Bruno Peyron's is 31.3 knots. That's 752 miles!
Orange II shatters the world 24-hour record
Having set out at 11h00’06 GMT on Sunday from New York to attempt to snatch the incredible Atlantic record from Steve Fossett (4 days, 17 hours 28 minutes and 6 seconds), Bruno Peyron’s crew has already achieved something on this voyage. Orange II has demolished its own 24-hour sailing record by covering 752 miles in one day. This is already something that will enter the history books and it may just be the start. At a mind-blowing average speed of 31.3 knots, the maxi catamaran is ahead of of the record.
In order to beat the Atlantic record, they will have to cross the finishing line off The Lizard at the southwestern tip of Britain by 04h27 GMT on Friday morning.
‘Since the start, there have been strong conditions continually averaging more than 31 knots and with flat calm seas allowing the helmsmen to get used to things in ideal conditions,’ commented Bruno Peyron.
The fear of being slowed down at the end of the journey (as happened in August 2004, when the crew failed by 31 minutes) still haunts them.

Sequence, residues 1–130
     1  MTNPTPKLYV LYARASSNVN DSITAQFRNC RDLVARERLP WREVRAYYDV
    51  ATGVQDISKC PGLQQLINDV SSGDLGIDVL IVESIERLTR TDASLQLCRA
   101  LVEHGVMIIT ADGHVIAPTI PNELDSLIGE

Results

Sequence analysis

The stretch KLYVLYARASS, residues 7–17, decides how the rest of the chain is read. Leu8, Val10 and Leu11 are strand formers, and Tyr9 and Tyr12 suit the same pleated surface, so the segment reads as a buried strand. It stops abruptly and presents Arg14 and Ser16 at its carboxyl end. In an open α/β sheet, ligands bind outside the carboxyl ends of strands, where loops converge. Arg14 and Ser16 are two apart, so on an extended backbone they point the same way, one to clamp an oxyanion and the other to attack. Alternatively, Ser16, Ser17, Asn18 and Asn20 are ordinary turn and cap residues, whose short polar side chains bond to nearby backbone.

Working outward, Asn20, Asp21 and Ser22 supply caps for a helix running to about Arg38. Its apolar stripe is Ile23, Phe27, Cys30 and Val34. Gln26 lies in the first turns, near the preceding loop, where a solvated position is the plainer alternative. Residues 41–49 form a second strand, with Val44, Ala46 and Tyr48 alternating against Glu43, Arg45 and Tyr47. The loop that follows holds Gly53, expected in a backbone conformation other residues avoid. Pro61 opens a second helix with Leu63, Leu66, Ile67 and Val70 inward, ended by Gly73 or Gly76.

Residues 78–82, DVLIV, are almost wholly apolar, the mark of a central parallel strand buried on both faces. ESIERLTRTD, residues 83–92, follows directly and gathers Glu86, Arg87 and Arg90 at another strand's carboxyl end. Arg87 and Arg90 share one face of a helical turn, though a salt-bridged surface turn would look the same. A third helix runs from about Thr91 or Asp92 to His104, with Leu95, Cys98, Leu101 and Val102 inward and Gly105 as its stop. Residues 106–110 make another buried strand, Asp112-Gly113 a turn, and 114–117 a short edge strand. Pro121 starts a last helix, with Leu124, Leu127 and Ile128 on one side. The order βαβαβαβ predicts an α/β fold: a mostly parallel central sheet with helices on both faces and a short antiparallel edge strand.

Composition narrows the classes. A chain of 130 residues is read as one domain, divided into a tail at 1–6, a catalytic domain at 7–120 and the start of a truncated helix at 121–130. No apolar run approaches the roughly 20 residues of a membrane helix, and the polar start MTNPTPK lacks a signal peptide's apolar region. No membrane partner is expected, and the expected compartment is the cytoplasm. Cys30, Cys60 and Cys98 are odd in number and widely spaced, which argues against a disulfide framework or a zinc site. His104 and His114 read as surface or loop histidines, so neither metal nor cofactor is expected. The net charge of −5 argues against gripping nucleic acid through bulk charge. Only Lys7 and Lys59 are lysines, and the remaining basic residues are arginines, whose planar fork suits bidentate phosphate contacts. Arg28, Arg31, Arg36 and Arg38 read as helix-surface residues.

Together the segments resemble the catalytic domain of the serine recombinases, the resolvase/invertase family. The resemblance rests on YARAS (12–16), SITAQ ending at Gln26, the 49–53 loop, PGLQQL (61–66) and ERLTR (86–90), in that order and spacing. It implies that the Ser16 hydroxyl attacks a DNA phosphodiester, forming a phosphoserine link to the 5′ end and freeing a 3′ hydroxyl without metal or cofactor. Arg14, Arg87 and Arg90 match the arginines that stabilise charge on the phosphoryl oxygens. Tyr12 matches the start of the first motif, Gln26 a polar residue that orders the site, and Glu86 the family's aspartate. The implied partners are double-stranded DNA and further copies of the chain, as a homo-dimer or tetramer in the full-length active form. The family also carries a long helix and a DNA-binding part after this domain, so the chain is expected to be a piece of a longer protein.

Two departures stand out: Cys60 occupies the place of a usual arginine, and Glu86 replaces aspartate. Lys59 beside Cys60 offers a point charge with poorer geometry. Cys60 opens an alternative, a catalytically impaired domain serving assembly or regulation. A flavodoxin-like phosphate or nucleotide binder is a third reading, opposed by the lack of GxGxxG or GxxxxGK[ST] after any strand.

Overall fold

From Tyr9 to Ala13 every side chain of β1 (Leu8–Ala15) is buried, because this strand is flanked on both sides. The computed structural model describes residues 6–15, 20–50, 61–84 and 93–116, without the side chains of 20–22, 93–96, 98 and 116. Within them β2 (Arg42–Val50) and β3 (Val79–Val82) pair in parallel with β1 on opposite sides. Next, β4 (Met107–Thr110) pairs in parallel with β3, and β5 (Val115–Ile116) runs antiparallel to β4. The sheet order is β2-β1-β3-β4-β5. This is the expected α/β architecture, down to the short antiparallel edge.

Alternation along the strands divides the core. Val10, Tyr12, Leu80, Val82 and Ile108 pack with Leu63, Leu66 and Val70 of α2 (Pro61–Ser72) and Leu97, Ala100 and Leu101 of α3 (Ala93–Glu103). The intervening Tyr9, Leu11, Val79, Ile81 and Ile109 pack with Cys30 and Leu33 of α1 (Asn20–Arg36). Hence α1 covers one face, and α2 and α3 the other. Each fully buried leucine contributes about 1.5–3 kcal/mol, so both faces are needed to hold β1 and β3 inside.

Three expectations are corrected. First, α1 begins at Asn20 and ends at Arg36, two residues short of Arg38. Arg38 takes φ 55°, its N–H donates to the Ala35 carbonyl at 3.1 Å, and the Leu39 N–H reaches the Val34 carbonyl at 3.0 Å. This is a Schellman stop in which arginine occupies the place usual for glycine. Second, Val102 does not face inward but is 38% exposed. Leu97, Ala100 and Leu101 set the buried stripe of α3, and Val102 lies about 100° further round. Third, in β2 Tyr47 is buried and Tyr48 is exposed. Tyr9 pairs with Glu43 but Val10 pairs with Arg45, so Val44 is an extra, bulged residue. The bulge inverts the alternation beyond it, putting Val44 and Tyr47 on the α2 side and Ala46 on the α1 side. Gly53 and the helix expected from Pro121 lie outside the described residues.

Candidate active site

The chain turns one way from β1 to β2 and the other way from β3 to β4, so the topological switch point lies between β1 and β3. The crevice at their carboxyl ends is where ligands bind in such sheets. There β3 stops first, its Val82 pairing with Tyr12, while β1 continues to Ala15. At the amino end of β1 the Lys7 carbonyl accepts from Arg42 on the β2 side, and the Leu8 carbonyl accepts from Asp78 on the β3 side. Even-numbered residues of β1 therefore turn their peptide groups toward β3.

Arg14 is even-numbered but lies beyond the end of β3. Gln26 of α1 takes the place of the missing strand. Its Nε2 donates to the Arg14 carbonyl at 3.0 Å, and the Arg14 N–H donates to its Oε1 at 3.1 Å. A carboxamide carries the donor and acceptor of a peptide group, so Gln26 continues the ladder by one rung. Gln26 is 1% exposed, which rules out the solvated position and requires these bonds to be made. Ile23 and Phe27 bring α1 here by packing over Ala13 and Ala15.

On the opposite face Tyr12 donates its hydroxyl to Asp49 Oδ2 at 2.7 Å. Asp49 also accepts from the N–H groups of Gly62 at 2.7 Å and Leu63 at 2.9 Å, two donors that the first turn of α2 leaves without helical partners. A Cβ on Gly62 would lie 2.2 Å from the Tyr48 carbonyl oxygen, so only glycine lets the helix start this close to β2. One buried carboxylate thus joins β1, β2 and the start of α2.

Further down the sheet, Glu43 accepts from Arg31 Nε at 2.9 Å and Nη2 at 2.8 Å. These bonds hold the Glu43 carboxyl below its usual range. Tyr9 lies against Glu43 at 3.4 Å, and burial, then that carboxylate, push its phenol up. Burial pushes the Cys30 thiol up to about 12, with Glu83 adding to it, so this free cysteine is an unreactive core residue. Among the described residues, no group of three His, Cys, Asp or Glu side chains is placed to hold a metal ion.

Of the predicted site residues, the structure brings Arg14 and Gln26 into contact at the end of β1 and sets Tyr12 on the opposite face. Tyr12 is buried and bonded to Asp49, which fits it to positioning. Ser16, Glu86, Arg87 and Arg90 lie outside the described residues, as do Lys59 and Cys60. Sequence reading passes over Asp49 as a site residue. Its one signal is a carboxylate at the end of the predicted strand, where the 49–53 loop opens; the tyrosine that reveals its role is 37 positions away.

‘There is always this uncertainty when you set sail on summer lows,’ explained Peyron.
History of the North Atlantic record
The first record on this route was set by Charlie Barr, the captain of the Atlantic schooner. The proud vessel managed to complete the crossing in 1905 in 12 days and 4 hours, a time that was to remain the record for 75 years.
In 1980, Eric Tabarly and his foiler Paul Ricard improved on Barr’s performance by two days, crossing the Atlantic at an average speed of 11.93 knots.
Following that, the attempts and improvements came at a steady pace. The record would gradually be improved upon by the French expert multihull racers: Marc Pajot, Patrick Morvan, Loïc Caradec, Philippe Poupon and finally Serge Madec… On board Jet Services V (the future Commodore Explorer), he was to set a record (6 days, 13 hours and 3 minutes) in 1990 that was to last 11 years.
We had to wait for the right moment and Steve Fossett’s attempt to see the record fall: on 10th October 2001, PlayStation set the historic record of 4 days, 17 hours, 28 minutes and 6 seconds.
Since then, only Bruno Peyron has made an attempt at the record. Holder of the single-handed Atlantic record on two occasions, the skipper of Orange II has not yet managed to improve on this crewed record. We should add that on his last attempt back in August 2004, he missed out on the record by a whisker (just 31 minutes).
Reminder: the North Atlantic crewed record
– Route: New York / The Lizard (south western tip of Great Britain)
– Current record: Steve Fossett / giant catamaran PlayStation / 10th October 2001
– Record time to beat: 4 days, 17 hours, 28 minutes and 06 seconds
– Average speed during the crossing: 25.78 knots